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A Dirty Baby is a Healthy Baby!

July 16, 2014

Is it good for babies to be exposed to dirt and germs?

I laugh when I think about it. This must be why my own children, now young adults, have taken antibiotics only a few times in their lives. One thing you can say about my children is that they have grown up in their fair share of dirt (and mess). A good housekeeper I am NOT. My two step-children, on the other hand, are among the worst ear infection and allergy sufferers I have known, and my husband’s best friend before we met was a bottle of household bleach. I am grateful to him, however, as our home is much tidier since we got married. Go figure.

Chuckles aside, there is really some very important science here. The “hygiene hypothesis” suggests that:

Infants who are reared in an environment without many germs and allergens

may develop more significant allergies and illnesses

than those who are brought up exposed to “normal” germs and allergens.

Infants who are reared in an environment without many germs and allergens may develop more significant allergies and illnesses than those who are brought up exposed to "normal" germs and allergens. The hypothesis was born out of the observation that children who grew up on farms had fewer allergies and illnesses than those who grew up in clean urban or suburban homes. This makes sense when you think about how the immune system develops. Newer information regarding the human microbiome (the bacteria that normally live in and on us all) and its effect on many aspects of our health adds even more to the idea that we are not meant to grow and develop in an overly “clean” environment.

How “good” bacteria helps our bodies

When we are born, the first thing that is supposed to happen is that we are supposed to get colonized by all of the bacteria in our mother’s vaginal passage and beyond. We are sterile inside of the womb, but as we enter the world we become covered, both inside and out, by germs that are a normal part of us. This is called “the human microbiome.” If we are born by C-section, we miss out on that natural colonization. Instead, we get colonized by hospital germs, which are likely not normal inhabitants of the human body like mom-germs. Interestingly, there is a whole project going on right now called The Human Microbiome Project. Part of that project has discovered that people born by C-section have a much higher risk of obesity than those born vaginally. It may be that having nice, normal bacteria in our guts helps us to maintain a healthy body weight. There is research being done painting babies born by C-section with swabs taken from inside of moms’ birth canals, to try to imitate normal birth germs for those babies to see if this will prevent obesity and other diseases later in life.

For years, studies have shown that exposure to a normal degree of germs and allergens early in life help us to develop what is called “tolerance.” This prevents us from reacting to ourselves, limiting “auto-immune” diseases, where our immune system attacks our own bodies. In other words, early in life our immune system is open-minded. It is busy figuring out what “self” is so that later on it can recognize and attack “non-self.” What has been found is that children who are exposed to lots of normal healthy germs and antigens early in life become more tolerant and less reactive. They are less likely to have allergies, develop secondary infections like ear and sinus infections, and have complications such as bronchiolitis and allergic asthma. They are probably also less likely to have autoimmune diseases,such as diabetes and inflammatory bowel disease, and may even suffer from less obesity and depression. This all may happen due to differences in the microbiome.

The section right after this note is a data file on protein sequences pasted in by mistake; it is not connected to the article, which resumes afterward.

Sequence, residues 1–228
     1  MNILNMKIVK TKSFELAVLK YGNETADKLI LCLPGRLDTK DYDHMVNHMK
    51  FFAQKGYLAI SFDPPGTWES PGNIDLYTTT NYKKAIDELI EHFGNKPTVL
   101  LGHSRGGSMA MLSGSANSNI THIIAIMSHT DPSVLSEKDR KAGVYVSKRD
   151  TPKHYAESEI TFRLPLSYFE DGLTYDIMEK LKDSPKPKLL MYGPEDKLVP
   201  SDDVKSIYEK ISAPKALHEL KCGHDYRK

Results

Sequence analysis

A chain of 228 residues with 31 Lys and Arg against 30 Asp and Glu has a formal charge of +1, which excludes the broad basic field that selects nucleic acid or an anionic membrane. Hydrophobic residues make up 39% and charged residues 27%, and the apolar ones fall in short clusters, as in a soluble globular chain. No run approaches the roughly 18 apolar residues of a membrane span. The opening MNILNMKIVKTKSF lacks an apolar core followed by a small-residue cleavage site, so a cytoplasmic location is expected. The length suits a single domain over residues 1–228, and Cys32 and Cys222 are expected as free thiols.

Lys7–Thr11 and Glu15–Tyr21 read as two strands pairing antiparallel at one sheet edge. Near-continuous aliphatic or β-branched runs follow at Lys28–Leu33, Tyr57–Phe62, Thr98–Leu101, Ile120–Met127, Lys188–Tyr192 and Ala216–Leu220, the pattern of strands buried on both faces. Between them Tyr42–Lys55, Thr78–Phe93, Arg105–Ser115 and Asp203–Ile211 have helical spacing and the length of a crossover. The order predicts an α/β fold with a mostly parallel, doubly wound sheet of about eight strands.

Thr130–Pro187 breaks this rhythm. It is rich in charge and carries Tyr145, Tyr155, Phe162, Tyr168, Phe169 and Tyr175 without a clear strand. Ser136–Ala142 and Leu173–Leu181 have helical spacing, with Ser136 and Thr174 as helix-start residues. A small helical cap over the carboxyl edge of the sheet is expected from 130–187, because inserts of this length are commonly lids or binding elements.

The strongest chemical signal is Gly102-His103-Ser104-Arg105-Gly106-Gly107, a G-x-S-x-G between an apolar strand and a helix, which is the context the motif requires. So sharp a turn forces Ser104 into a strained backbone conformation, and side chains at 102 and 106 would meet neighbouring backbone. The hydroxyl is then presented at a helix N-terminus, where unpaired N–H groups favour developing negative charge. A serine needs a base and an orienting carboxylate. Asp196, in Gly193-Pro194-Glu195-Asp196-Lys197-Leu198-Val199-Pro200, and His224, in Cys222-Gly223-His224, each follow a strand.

Maybe dogs are our kids’ best friends

Recent studies also show that early exposure to dogs protects children from the development of allergic asthma. Early exposure to cats seems to help too, but to a lesser extent than exposure to dogs. These studies showed that exposure to dust containing dog dander actually led to children having more of certain protective bacteria in their intestines. Dog exposure led to a different microbiome in the child, which was directly linked to a decrease in allergic asthma.

Of course, there are genetic factors that play a role here, too. Families who tend to develop allergies and asthma are at higher risk than those who do not. However, the protective effect of early exposure works for everyone to a degree. Also, and this is VERY important, we are not talking here about exposure to bad germs like those from unpasteurized milk or exposure to contaminated feces or meats. Many bacteria cause very serious illness. These are very different from the nice helpful bacteria we are talking about here, and are easy to avoid with good hand-washing, healthy food preparation, and avoidance of fads like unpasteurized products and raw eggs (these fads would take us back to the dark ages).

So what should you do?

Relax! Get a nice dog (my dog, Ben, keeps me healthy both physically and mentally). Let your children play with toys on the floor. Don’t worry about hand-sanitizing every minute, but be sure to wash your hands before you eat and cook your food appropriately.

Live a normal, relaxed life and you may find that your children are healthier for it!

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